"He's a guy who can come right off the bench and steal a base, and those guys are hard to find," says Rays bench coach Dave Martinez. Suddenly Thompson is a valuable major leaguer, even though he is more or less the same player he was as a young prospect: a below replacement-level hitter who can steal second base in 3.2 seconds, as fast as the game's top speedsters. The game has changed, and now it has a place for players like Thompson.
Speed is cool again, from Tampa Bay, where the Rays have an offense built around such burners as Thompson and outfielders B.J. Upton (30 steals) and Desmond Jennings (27), to Oakland, where the once anti-small-ball A's are running wild. In between, in minor league hamlets around the country, a generation of fast and athletic players has been changing the way the game is played. Reds prospect Billy Hamilton's obliteration of baseball's professional record for steals in a season—he had 155 in the minors this year—was one of the best stories of 2012. His legend seemed to grow every day: the phenom who steals bases on pitchouts, scores from second on sacrifice flies and catches fly balls on the warning track. (He's a shortstop.)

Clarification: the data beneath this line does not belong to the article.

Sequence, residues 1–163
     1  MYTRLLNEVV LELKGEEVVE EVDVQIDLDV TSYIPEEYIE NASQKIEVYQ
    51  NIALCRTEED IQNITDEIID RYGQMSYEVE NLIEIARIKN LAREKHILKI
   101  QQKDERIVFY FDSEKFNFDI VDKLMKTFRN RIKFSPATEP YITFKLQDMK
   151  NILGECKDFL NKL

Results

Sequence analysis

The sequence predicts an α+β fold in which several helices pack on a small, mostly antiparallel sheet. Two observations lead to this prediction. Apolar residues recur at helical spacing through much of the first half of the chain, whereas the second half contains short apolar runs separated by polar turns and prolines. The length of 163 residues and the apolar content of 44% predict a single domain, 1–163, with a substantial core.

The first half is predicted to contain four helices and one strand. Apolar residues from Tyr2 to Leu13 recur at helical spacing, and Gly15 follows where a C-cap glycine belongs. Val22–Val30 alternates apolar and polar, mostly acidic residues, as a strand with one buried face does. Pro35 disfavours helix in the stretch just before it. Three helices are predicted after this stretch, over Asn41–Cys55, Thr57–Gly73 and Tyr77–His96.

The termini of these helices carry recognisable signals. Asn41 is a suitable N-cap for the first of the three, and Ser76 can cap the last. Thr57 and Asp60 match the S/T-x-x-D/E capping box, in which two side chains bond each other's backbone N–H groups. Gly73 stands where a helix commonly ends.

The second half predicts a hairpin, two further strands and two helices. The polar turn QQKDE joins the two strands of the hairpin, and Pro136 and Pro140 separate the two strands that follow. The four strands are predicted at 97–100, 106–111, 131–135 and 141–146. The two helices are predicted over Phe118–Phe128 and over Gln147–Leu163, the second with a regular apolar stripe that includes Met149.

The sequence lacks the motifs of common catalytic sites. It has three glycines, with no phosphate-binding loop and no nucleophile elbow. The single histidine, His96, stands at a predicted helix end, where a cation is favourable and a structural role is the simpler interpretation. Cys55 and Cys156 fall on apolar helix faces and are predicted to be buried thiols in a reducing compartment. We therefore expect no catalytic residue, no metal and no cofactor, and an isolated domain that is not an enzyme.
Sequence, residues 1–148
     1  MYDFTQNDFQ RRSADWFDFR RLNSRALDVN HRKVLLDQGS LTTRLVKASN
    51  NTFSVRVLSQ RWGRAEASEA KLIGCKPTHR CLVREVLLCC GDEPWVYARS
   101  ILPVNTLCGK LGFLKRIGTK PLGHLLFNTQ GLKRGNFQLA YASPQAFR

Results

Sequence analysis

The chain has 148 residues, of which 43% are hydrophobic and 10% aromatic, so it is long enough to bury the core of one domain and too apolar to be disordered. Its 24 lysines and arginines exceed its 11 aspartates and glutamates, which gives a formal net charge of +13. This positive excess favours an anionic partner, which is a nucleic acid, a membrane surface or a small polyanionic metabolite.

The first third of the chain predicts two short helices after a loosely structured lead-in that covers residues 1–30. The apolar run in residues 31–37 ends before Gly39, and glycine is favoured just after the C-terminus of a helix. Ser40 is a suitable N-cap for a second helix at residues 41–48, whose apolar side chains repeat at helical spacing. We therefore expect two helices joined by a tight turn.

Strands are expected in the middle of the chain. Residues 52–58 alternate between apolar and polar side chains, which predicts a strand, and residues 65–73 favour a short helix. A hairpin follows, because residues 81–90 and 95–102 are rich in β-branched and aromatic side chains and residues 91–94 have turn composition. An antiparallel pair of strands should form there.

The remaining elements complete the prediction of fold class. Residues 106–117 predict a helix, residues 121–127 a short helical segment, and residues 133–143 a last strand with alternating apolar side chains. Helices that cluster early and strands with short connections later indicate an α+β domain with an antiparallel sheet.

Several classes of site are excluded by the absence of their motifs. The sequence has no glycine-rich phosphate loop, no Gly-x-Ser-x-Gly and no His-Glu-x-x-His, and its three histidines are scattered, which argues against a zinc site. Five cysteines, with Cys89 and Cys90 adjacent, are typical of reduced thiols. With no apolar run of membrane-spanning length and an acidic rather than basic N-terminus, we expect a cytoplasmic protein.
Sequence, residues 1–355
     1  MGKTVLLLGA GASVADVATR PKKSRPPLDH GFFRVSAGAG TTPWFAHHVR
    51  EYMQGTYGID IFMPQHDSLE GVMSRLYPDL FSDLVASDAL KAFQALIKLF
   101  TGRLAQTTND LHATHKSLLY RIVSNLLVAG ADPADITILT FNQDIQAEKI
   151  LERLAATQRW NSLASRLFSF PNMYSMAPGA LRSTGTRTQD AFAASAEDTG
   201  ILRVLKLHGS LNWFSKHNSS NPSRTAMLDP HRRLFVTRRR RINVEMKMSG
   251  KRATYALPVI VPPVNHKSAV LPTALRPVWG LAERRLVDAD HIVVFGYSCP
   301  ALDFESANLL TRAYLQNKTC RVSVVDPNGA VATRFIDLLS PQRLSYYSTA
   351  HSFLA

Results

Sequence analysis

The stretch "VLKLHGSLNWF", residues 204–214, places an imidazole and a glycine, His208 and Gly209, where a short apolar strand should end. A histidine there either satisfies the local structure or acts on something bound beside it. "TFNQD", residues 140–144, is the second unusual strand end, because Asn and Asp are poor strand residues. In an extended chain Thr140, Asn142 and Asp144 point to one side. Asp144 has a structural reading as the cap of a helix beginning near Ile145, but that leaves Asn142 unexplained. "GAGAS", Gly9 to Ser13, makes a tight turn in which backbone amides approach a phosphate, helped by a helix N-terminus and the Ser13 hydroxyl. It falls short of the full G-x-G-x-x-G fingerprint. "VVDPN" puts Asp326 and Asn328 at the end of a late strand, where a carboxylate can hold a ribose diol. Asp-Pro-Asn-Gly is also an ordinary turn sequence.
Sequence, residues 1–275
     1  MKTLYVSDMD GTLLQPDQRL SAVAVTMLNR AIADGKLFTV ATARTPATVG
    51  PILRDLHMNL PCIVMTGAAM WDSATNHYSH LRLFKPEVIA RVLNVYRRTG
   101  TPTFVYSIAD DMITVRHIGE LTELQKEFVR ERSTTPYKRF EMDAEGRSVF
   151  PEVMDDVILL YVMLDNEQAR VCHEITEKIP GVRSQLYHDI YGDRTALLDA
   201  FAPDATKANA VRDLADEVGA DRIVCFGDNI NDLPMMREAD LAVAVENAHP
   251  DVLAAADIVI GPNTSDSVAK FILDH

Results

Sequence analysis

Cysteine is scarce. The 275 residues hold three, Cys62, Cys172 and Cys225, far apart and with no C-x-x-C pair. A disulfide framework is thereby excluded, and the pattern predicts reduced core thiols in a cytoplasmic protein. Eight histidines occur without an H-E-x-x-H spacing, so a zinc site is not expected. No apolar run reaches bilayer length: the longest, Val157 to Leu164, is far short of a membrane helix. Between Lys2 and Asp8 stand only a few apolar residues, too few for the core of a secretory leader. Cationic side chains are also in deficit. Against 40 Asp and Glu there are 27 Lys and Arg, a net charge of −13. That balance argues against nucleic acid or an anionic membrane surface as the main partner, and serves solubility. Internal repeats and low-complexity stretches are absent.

Hamilton looks like a throwback—he wears his uniform old-school baggy and his nickname, Blazin' Billy, rolls off the tongue like Cool Papa Bell's, baseball's original burner, but he is the future of the game, a major player in baseball's speed revolution. "These guys are swinging the game back to what it was—they're reminding people of Rickey Henderson, Tim Raines and Vince Coleman," says former infielder Delino DeShields, who managed Hamilton in the minors in 2010 and '11 and whose son, Delino Jr., a 20-year-old Astros minor leaguer, stole 101 bases this year. "Baseball is coming back to its natural state. It was always meant to be about speed. It was always meant to be played fast."
There's a moment in Michael Lewis's 2003 book Moneyball when A's third base coach Ron Washington, now the manager of the Rangers, explains to second baseman Ray Durham why (to Washington's chagrin) the team didn't turn Durham loose on the bases. "Somebody gets his ass thrown out," huffs Washington, "and you got all kinds of gurus who tell you that you just took yourself out of an inning." It has long been a sabermetric tenet that the value of a stolen base was outweighed by the risk of getting caught. You do not give away outs. But in recent years something unexpected happened: Players stopped hitting home runs as if the game were slow-pitch softball, and the calculus of the game began to change.